Azeez Alade, a PhD candidate in genetic epidemiology, specializes in identifying rare genetic factors associated with orofacial clefts in African populations. The International Association for Dental Research (IADR) and Smile Train, a nonprofit organization, awarded Alade $75K to support his dissertation research.
Smile Train is a nonprofit organization dedicated to providing free corrective surgery for cleft lip and palate around the world.
Non-syndromic orofacial clefts (NSOFCs) are one of the most common congenital birth defects with an estimated worldwide prevalence of 1.25 out of 1000 live births. Affected children often have difficulty with speech, suckling, hearing, and unaesthetic facial appearance and these difficulties often require life-long management.
Both the IADR and Smile Train recognize the need for investigators to produce cleft-related research (diagnosis, patient counseling, treatment etc.) that can be applied in clinical practice and be used to maintain and improve these patient's quality of life and that of their families. The award is intended to help investigators, like Alade, pursue innovative and novel research that is cleft related.
One way to make a difference for cleft patients is to know and deal with the genetic factors that explain orofacial clefts. The etiology of NSOFCs is complex and multifactorial, with genetic factors playing a major role. Only 20-30% of the total heritability has been identified, leaving substantial room for greater understanding. The unique roles of rare variants in complex traits are well documented and a recent study found rare variants to be responsible for a larger proportion of the missing heritability for NSOFCs.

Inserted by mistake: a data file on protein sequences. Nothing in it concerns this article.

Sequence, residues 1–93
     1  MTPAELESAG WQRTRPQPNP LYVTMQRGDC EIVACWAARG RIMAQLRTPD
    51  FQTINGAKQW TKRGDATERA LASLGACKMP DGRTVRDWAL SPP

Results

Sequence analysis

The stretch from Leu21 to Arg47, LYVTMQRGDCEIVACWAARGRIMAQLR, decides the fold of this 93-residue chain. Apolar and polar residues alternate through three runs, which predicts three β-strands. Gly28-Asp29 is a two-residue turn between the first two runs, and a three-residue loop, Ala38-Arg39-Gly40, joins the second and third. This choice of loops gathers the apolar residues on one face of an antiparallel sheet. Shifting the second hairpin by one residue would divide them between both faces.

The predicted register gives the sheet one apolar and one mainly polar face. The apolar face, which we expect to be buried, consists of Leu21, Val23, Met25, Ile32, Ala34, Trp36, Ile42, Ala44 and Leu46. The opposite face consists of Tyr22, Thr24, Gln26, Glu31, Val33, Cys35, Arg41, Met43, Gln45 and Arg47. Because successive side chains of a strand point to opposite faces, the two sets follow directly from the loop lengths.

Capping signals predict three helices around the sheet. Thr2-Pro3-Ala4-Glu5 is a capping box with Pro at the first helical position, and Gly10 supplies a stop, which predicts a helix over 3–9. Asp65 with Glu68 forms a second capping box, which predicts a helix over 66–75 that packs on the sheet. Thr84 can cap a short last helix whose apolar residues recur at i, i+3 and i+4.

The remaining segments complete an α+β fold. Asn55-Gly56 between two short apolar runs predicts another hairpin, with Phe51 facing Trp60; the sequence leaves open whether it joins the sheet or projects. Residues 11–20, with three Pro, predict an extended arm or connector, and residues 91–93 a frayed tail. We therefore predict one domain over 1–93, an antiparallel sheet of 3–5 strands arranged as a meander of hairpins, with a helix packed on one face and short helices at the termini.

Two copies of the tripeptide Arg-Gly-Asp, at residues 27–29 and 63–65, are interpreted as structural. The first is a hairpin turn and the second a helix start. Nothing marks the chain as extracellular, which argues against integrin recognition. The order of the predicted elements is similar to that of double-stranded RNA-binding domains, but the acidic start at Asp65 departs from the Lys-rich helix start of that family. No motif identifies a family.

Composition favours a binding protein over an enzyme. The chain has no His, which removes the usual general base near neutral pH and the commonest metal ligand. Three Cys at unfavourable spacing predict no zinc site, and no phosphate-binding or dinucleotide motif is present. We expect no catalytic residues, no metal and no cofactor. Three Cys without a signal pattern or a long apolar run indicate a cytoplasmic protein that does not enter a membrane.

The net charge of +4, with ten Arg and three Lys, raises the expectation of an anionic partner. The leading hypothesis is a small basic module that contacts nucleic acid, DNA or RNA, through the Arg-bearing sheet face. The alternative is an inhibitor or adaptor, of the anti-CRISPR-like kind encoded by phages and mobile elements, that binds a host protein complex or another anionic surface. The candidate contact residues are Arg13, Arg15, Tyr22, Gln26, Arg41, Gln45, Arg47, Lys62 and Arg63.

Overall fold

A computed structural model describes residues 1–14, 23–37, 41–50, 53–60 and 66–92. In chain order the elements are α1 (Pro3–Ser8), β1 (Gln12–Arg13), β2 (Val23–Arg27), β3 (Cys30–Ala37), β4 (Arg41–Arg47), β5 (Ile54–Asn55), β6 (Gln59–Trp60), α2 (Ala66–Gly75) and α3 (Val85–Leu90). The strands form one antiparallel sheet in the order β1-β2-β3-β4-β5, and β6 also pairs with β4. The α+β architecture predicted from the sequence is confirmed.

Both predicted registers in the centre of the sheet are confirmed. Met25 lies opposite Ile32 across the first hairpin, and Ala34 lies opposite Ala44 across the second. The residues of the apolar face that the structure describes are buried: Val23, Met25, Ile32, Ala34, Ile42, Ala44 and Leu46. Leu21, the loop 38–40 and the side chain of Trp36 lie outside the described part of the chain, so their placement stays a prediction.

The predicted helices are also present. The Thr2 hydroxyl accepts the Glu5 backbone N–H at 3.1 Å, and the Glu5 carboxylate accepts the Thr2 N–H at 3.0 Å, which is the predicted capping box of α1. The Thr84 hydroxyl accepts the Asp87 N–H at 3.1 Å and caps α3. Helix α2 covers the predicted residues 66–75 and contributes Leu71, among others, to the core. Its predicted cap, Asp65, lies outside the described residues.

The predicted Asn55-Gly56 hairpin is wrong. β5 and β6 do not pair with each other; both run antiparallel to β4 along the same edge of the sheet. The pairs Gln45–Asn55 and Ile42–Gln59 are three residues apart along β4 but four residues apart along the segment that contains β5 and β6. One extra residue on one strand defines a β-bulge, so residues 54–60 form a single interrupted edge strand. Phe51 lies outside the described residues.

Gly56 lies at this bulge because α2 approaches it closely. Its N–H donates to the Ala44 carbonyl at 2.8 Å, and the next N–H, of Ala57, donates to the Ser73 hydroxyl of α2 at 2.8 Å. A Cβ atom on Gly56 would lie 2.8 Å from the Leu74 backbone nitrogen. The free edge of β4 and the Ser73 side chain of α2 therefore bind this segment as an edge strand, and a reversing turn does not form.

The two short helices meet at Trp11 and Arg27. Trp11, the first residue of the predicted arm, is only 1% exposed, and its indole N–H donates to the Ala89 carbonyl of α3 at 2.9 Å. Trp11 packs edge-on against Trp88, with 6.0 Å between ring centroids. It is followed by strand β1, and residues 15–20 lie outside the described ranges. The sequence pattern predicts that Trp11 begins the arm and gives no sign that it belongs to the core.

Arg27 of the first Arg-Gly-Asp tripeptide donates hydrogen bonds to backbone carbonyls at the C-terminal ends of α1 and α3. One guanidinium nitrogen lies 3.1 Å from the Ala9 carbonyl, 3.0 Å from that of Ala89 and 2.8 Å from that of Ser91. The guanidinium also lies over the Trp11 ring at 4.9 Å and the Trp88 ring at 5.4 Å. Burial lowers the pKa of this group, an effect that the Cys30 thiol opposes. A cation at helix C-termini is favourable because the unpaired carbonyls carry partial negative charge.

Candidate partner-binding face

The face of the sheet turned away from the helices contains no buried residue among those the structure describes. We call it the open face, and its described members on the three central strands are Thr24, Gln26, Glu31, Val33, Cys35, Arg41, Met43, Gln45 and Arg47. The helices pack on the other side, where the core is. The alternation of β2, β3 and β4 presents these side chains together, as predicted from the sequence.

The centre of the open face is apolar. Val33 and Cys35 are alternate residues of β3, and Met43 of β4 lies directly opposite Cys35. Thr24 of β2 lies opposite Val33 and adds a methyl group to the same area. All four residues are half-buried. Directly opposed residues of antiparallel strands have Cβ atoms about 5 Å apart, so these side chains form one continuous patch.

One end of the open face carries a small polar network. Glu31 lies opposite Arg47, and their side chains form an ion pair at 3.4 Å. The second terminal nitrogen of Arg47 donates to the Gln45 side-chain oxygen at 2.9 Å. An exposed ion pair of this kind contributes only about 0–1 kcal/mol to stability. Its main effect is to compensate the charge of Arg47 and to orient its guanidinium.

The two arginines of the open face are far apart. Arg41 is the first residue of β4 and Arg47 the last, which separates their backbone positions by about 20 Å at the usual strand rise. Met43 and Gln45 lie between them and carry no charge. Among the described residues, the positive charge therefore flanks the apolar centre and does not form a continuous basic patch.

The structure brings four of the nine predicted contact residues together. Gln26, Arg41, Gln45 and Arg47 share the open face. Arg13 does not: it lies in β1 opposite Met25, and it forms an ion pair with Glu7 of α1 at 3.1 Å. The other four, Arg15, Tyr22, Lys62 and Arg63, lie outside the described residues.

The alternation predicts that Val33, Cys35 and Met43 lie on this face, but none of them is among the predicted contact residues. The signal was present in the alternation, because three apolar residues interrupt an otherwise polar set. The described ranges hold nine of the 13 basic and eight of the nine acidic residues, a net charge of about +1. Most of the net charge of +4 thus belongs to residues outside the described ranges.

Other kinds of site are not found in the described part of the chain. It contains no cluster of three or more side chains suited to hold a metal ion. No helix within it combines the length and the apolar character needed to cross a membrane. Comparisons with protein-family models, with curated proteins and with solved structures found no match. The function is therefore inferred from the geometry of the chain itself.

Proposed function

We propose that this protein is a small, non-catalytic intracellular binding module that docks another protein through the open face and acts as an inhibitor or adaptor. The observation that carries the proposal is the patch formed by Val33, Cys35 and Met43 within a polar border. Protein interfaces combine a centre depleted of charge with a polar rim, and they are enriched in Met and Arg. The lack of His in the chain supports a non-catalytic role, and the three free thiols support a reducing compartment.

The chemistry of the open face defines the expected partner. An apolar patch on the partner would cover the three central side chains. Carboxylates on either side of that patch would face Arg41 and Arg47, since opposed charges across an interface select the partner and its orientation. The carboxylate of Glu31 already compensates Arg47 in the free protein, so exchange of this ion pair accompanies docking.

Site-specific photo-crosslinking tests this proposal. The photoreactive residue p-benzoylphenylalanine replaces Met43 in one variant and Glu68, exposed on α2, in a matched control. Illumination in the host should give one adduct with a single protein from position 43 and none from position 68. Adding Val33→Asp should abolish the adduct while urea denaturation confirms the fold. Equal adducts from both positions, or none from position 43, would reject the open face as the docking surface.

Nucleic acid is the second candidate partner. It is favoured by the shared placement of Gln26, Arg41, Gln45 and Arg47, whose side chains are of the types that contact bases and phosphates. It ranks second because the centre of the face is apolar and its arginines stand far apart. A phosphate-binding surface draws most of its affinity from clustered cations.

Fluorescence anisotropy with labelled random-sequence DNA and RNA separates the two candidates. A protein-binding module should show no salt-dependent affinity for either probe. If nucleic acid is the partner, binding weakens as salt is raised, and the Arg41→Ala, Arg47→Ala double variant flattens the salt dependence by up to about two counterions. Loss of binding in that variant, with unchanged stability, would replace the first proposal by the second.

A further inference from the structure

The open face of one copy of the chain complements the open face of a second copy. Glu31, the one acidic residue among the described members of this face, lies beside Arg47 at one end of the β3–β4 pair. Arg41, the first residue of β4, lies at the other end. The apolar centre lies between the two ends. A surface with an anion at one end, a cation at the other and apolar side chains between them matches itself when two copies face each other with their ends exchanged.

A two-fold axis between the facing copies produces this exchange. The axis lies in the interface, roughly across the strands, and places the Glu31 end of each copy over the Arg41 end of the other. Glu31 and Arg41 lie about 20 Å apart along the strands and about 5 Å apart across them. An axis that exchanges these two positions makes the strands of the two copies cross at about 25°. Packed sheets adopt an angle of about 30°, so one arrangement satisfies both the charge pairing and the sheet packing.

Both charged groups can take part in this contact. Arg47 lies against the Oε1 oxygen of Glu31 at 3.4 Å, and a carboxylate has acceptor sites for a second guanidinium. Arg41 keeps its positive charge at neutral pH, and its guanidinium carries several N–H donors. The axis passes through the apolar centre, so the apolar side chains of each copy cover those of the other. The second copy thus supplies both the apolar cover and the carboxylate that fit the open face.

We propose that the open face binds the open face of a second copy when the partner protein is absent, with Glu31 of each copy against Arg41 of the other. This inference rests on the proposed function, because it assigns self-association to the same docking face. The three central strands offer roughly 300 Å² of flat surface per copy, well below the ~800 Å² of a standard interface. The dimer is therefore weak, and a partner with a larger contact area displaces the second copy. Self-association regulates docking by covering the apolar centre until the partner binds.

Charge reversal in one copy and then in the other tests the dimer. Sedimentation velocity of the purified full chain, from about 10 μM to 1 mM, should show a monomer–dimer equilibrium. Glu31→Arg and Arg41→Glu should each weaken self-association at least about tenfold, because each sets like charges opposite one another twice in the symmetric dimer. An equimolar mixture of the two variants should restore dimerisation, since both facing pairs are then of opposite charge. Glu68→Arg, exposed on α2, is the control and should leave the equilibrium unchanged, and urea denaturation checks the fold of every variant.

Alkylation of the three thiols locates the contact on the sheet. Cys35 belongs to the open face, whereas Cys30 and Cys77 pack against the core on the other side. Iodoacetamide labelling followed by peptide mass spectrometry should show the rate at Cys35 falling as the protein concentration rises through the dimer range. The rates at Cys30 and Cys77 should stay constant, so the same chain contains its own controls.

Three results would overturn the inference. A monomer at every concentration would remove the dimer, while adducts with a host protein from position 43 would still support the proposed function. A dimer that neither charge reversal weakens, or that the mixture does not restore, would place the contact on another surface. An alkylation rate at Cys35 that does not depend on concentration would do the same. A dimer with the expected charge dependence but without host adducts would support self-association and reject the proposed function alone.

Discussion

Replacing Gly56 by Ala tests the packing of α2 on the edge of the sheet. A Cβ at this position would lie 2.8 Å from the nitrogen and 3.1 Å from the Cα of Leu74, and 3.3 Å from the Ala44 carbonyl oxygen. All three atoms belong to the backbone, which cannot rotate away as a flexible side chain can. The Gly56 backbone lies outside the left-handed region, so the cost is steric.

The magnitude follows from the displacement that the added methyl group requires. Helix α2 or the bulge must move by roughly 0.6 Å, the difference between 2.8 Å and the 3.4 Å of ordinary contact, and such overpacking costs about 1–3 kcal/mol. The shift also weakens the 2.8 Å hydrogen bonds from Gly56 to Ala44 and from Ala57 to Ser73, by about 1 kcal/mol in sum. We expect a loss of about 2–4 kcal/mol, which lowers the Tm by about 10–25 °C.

Alade’s research is intended to help address this gap. This project aims to discover novel genes and regulatory regions contributing to the etiopathogenesis of non-syndromic orofacial clefts (NSOFCs) by applying rare variants aggregation tests to identify 1) genes and 2) regulatory regions enriched in rare variants associated with NSOFCs in African populations.
As such, Alade’s research is laying the groundwork for genetic interventions that could reduce the prevalence and impact of oral clefts.
The project builds on Smile Train’s larger efforts to increase access and improve all aspects of cleft care globally.
Azeez Butali, professor of oral pathology, radiology, and medicine at the University of Iowa and Alade’s mentor, is the world’s foremost expert in the genetics of cleft lip and palate among African populations.
“Azeez Alade is the first scholar to receive this award globally. This is a major win for Dr. Alade, the College of Dentistry, and the University of Iowa,” Butali said.